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Are films a great investment opportunity? I believe these are for the right type of investor. Here’s why. I have written this in a Q&A style to answer the major questions that prospective investors inquire about whether or not to invest or otherwise.

1. Why is film investment a stylish investment opportunity? Could it be due to the high return or because of the nature of business? For most investors, the top return is a huge draw, because films do have the potential to get a very large return, though you will find a very high risk with many different big “Ifs”. A film can do very well if it possesses a good script, good acting, good production value, includes a budget that suits the kind of film this really is, and strikes a chord with distributors or buyers for your TV, DVD, foreign rights, or some other markets. Then, in the event the film is put into theatrical release, it provides the potential to get an even larger audience, though theatrical will not be the key income source for most films, just the big blockbusters, since the theater owners take about 75% from the box office unless a film enters into an extended-term release and there is a high costs for prints (though a lot more theaters are going digital). The price of a theatrical release is more for its promotional value for gaining other kinds of sales, except for the huge blockbusters.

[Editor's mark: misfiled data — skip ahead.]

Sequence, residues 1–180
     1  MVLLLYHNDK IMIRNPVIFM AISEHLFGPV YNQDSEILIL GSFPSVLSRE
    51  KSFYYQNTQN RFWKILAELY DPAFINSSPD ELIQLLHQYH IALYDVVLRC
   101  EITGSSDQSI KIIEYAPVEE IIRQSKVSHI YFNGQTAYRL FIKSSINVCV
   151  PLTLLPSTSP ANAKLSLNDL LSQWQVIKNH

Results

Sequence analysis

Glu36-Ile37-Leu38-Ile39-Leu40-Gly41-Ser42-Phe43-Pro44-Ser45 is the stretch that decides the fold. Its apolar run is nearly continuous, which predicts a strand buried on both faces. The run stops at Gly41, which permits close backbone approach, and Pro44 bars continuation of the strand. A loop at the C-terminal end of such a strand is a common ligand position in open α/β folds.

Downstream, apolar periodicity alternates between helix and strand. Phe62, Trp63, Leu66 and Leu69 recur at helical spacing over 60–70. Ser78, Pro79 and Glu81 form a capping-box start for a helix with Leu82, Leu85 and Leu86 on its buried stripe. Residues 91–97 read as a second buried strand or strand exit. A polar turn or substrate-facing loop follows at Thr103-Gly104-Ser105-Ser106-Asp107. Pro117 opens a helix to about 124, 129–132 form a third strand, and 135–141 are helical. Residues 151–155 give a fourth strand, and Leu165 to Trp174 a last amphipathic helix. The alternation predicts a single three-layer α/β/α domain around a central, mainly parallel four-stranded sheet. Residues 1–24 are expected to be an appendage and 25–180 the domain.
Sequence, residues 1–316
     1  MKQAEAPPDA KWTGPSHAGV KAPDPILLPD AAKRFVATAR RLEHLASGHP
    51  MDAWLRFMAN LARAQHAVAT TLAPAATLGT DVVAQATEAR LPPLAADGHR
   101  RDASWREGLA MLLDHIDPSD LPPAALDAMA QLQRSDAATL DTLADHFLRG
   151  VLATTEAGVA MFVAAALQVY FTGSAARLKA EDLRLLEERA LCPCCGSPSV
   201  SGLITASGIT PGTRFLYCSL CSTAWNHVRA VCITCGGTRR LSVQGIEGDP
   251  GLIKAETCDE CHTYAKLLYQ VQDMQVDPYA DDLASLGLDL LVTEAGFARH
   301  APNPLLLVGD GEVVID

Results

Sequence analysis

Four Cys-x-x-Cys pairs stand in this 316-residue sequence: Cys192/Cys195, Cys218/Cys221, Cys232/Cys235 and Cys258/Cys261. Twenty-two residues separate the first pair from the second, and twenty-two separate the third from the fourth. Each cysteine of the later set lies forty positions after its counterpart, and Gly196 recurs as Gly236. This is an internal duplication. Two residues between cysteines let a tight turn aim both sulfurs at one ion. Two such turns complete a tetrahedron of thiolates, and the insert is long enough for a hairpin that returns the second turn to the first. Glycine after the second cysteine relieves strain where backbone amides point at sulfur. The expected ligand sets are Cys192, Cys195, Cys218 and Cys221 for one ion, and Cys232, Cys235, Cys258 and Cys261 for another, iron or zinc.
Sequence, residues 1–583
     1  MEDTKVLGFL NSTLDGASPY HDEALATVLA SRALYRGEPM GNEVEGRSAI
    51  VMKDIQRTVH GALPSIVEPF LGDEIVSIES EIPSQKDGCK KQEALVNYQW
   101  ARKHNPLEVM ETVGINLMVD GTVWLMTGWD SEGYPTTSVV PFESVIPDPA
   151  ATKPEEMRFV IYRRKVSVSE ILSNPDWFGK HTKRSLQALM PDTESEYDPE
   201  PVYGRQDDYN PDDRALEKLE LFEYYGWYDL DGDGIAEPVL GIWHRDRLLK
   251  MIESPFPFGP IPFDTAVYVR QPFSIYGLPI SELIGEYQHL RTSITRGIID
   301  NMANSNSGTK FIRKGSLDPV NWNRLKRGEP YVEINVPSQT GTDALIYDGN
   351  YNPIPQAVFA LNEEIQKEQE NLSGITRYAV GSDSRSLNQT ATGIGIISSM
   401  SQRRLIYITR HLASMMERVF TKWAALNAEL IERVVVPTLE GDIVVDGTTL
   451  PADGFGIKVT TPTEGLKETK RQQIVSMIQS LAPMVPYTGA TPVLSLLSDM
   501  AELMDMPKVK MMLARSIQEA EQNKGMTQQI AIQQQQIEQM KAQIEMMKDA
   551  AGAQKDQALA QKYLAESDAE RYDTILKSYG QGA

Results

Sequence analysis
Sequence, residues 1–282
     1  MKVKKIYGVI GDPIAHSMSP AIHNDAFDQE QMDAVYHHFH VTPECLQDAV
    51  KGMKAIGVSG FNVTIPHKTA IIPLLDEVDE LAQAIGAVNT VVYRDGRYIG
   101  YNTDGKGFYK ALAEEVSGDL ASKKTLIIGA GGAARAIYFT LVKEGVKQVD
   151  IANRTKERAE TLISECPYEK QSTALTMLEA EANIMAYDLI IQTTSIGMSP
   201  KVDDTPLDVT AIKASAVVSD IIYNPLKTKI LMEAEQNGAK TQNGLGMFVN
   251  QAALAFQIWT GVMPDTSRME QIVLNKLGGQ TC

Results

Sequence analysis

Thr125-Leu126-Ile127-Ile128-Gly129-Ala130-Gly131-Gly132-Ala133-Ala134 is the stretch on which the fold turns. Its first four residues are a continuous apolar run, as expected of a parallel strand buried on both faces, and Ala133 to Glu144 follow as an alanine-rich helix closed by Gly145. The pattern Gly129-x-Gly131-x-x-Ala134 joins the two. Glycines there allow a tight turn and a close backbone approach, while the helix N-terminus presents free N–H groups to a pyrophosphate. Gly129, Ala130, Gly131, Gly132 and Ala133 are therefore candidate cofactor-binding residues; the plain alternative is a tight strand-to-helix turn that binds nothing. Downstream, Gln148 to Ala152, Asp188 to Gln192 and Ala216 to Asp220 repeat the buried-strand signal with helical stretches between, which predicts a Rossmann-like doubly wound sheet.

Despite the opportunity of high returns for some films, Kia Jam in it for the money must understand that any film investment is a major risk, because many problems can produce from the time a film is put into production to when it is finally released and distributed. Theses risks are the film not being completed as it goes over budget and is not able to get additional financing or you can find problems on the set. Another risk is that the film will not be well-received by distributors and television buyers, therefore it doesn’t get picked up. As well as in case a film gets a distribution deal, the chance is the fact that there is little or no money at the start, therefore the film will not see any further returns. So yes – a film could have a high return, but a venture capitalist can lose it all.

Consequently, for a lot of investors, other key factors behind investing are more important. They believe within the message in the film. They enjoy and keep the film producers, cast, and crew. They love the glamour of being associated with a film, including meeting the heavens and going to film festivals. They see their investment as an opportunity to visit distant locations for filming and then for promoting the film. And they see investing in the film being a tax write-off, much like giving to a charity.